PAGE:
Riveting and Rationing in Dixie: Alabama Women and the Second World War

By Mary Martha Thomas | Go to book overview

CHAPTER 1
Home Fronts: The Nation and Alabama

World War II created conditions that required women in Alabama and throughout the nation to take on a variety of new roles. The state and federal governments conducted numerous recruitment campaigns encouraging women to take jobs in the defense industries, enlist in the armed forces, or contribute their time to volunteer work. The women of the state responded by enlisting in the WACS, WAVES, or Nurse Corps; by taking jobs in airplane modification plants, shipyards, and ordnance depots; by working in offices or service industries; or by volunteering to learn first aid, work in war bond drives, or cooperate in blackout drills. Only a very small number joined the armed forces or the Nurse Corps; hence the basic decision Alabama women made involved some combination of volunteer activity, paid jobs in war industries, and unpaid work at home. The demands of wartime encouraged Alabama women to change their traditional role from one of wife, mother, and homemaker to that of war worker.

Nationwide the media image of women changed as an increasing number sought and accepted jobs in defense plants, offices, and service industries. The most highly publicized role for women was that of defense worker. As millions of men joined the armed forces, tremendous labor shortages occurred in the nation's defense industries. The federal government, industry, the media, and women's

-4-

Notes for this page

Add a new note
If you are trying to select text to create highlights or citations, remember that you must now click or tap on the first word, and then click or tap on the last word.
One moment ...
Default project is now your active project.
Project items

Items saved from this book

This book has been saved
Highlights (0)
Some of your highlights are legacy items.

Highlights saved before July 30, 2012 will not be displayed on their respective source pages.

You can easily re-create the highlights by opening the book page or article, selecting the text, and clicking “Highlight.”

Citations (0)
Some of your citations are legacy items.

Any citation created before July 30, 2012 will labeled as a “Cited page.” New citations will be saved as cited passages, pages or articles.

We also added the ability to view new citations from your projects or the book or article where you created them.

Notes (0)
Bookmarks (0)

You have no saved items from this book

Project items include:
  • Saved book/article
  • Highlights
  • Quotes/citations
  • Notes
  • Bookmarks
Notes
Cite this page

Cited page

Style
Citations are available only to our active members.
Buy instant access to cite pages or passages in MLA, APA and Chicago citation styles.

(Einhorn, 1992, p. 25)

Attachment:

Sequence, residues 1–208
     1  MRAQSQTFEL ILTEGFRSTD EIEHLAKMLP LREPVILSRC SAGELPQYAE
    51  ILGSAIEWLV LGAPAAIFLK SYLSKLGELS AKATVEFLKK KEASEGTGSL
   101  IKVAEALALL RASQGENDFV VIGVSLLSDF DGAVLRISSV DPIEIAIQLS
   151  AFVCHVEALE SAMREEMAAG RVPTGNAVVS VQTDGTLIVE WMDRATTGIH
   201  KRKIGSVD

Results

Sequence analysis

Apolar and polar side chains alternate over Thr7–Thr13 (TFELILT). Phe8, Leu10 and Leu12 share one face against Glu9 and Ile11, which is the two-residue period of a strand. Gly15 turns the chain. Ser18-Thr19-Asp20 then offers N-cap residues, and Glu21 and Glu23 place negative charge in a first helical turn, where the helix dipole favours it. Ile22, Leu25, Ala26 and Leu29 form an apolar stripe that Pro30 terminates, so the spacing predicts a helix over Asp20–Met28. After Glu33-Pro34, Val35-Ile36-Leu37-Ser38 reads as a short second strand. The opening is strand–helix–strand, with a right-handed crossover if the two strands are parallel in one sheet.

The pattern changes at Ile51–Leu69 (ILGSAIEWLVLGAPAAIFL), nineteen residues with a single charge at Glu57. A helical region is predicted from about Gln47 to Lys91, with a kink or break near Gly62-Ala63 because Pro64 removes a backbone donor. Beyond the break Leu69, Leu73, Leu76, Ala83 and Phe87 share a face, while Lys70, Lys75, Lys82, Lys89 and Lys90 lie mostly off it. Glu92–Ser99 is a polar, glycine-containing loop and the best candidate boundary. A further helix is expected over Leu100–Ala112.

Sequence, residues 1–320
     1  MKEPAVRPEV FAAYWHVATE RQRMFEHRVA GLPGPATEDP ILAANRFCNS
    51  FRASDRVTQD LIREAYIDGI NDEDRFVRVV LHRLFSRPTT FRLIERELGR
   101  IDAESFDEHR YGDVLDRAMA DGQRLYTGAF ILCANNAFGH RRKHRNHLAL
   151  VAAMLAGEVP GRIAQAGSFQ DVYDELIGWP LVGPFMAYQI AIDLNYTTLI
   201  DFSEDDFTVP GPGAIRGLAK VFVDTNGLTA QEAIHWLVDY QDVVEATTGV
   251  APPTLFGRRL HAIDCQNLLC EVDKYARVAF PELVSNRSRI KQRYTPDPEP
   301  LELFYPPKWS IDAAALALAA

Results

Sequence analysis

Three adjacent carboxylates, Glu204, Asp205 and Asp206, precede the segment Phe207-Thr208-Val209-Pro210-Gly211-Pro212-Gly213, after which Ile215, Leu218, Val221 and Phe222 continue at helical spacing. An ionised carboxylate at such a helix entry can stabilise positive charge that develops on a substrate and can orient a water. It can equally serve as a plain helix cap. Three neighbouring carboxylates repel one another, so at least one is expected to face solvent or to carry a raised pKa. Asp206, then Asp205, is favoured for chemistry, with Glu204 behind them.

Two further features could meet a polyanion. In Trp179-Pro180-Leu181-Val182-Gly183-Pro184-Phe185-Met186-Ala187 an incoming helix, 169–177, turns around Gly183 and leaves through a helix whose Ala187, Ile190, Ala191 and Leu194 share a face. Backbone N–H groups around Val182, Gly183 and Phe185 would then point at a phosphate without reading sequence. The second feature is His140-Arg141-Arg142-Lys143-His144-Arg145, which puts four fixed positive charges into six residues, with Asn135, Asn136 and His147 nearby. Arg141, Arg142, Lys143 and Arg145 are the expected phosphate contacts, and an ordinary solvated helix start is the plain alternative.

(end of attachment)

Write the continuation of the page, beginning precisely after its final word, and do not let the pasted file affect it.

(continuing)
(Einhorn 25)

1. Lois J. Einhorn, Abraham Lincoln, the Orator: Penetrating the Lincoln Legend (Westport, CT: Greenwood Press, 1992), 25, http://www.questia.com/read/27419298.

Cited page

Bookmark this page
Riveting and Rationing in Dixie: Alabama Women and the Second World War
Table of contents

Table of contents

  • Title Page iii
  • Contents vii
  • Acknowledgments ix
  • Introduction 1
  • Chapter 1 Home Fronts: the Nation and Alabama 4
  • Chapter 2 the Recruitment and Training of Women 21
  • Chapter 3 Women as Defense Workers 36
  • Chapter 4 Adjusting to Women Workers 63
  • Chapter 5 Women and Volunteer Activities 81
  • Chapter 6 Housewives During Wartime 99
  • Conclusion 112
  • Notes 122
  • Essay On 137
  • Index 141
  • About the Author 146
Settings

Settings

Typeface
Text size Smaller Larger Reset View mode
Search within

Search within this book

Look up

Look up a word

  • Dictionary
  • Thesaurus
Please submit a word or phrase above.
Print this page

Print this page

Why can't I print more than one page at a time?

Help
Full screen
/ 150

matching results for page

    Questia reader help

    How to highlight and cite specific passages

    1. Click or tap the first word you want to select.
    2. Click or tap the last word you want to select, and you’ll see everything in between get selected.
    3. You’ll then get a menu of options like creating a highlight or a citation from that passage of text.

    OK, got it!

    Cited passage

    Style
    Citations are available only to our active members.
    Buy instant access to cite pages or passages in MLA, APA and Chicago citation styles.

    "Portraying himself as an honest, ordinary person helped Lincoln identify with his audiences." (Einhorn, 1992, p. 25).

    "Portraying himself as an honest, ordinary person helped Lincoln identify with his audiences." (Einhorn 25)

    "Portraying himself as an honest, ordinary person helped Lincoln identify with his audiences."1

    1. Lois J. Einhorn, Abraham Lincoln, the Orator: Penetrating the Lincoln Legend (Westport, CT: Greenwood Press, 1992), 25, http://www.questia.com/read/27419298.

    Cited passage

    Thanks for trying Questia!

    Please continue trying out our research tools, but please note, full functionality is available only to our active members.

    Your work will be lost once you leave this Web page.

    Buy instant access to save your work.

    Already a member? Log in now.

    Oops!

    An unknown error has occurred. Please click the button below to reload the page. If the problem persists, please try again in a little while.